Union solicitor general Gopal Subramanium has advised NTPC Ltd to transfer its case against RIL to the Supreme Court.
NTPC should have proceeded to deal with RIL firmly on the gas supply contract, he has said in his opinion, which was sought by NTPC.
"I regret to say that if international competitive bidding processes are intended to be treated with such disdain by a responsible bidder (in this case RIL), the world of business founded on trust and faith will break down," he has said.
RIL was selected to supply 12 mmscmd of gas to NTPC's Kawas and Jhanor projects for 17 years at $2.34 per mBtu. It, however, did not sign the contract and the matter is pending in the Bombay high court for resolution. "After the careful and express letter of Mukesh Ambani (to NTPC, thanking it for selecting RIL), the volte-face of RIL was regrettable and blamable," Subramanium said.
The fixation of price by the empowered group of ministers is stated to be without prejudice to the rights of NTPC in the pending suit. "The battles between RIL and RNRL have no bearing whatsoever upon the concern of the Querist or the
government of India.The rights of the Querist must not be jeopardised by any incidental allusions," he said.
RIL is also fighting a case with Reliance Natural Resources Ltd in the Supreme Court on supply of 28 mmsmcd at the NTPC price to the Anil Ambani-owned company.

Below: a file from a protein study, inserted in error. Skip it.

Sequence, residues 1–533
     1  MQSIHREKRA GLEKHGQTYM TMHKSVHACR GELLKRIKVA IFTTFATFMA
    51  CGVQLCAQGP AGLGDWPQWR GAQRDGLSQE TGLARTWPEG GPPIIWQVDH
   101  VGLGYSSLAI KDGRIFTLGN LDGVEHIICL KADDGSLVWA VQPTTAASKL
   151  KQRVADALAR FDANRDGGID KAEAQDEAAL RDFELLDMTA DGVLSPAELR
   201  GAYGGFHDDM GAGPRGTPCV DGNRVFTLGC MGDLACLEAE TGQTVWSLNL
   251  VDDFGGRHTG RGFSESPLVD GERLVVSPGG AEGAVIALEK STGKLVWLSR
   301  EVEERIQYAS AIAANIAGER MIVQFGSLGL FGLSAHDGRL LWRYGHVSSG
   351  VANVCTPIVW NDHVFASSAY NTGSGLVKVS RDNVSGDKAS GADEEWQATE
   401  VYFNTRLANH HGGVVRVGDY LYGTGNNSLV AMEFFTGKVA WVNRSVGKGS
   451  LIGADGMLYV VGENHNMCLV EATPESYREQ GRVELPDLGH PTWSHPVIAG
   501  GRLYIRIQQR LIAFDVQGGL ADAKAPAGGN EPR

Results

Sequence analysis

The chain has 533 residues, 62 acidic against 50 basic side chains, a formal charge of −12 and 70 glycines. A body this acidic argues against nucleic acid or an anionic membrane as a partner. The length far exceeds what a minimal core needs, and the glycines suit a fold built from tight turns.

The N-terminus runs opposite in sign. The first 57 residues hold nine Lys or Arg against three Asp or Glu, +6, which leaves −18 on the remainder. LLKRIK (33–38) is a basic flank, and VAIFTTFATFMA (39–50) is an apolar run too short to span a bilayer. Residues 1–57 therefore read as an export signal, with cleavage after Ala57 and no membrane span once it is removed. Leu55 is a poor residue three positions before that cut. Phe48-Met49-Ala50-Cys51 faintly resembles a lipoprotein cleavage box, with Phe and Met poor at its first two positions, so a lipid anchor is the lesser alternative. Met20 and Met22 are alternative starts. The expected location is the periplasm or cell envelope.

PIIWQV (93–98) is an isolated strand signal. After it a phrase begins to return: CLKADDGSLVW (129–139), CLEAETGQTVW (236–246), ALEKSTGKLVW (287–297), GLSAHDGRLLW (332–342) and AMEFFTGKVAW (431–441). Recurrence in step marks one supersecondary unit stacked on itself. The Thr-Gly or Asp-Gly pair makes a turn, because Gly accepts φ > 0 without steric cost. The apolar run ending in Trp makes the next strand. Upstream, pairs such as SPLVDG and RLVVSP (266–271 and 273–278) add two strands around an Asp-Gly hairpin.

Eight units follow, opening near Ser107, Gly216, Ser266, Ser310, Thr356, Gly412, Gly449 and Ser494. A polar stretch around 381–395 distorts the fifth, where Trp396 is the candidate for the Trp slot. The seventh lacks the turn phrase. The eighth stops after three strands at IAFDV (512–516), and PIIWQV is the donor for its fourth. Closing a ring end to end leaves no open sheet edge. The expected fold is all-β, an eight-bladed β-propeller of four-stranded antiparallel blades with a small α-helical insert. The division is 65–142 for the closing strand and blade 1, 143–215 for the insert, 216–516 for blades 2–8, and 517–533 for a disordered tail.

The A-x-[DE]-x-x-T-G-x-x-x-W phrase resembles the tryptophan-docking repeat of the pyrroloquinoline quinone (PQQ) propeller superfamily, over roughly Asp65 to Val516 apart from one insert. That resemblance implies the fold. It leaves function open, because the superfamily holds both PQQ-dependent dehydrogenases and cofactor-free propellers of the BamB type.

Though Subramanium has said this case has no bearing on NTPC, the ministry of petroleum and natural gas' plea in the Supreme Court may have implications on price and utilisation of gas sales from RIL's D6 block in the Krishna-Godavari basin.
The ministry had asked the apex court to quash the Bombay HC judgement on supply of gas to RNRL at $2.34 on the grounds that it violated government policy and that a price of $4.2 per mBtu has been fixed by the government. It had pleaded for declaring null and void the portion of the Ambani family agreement which deals with the gas sale.
The solicitor-general has also pulled up NTPC for its casual approach in the gas supply matter. NTPC 'waited for an unnecessary long period of time to initiate legal proceedings. If the intention was one of manifest breach, the Querist should have approached the court even earlier'.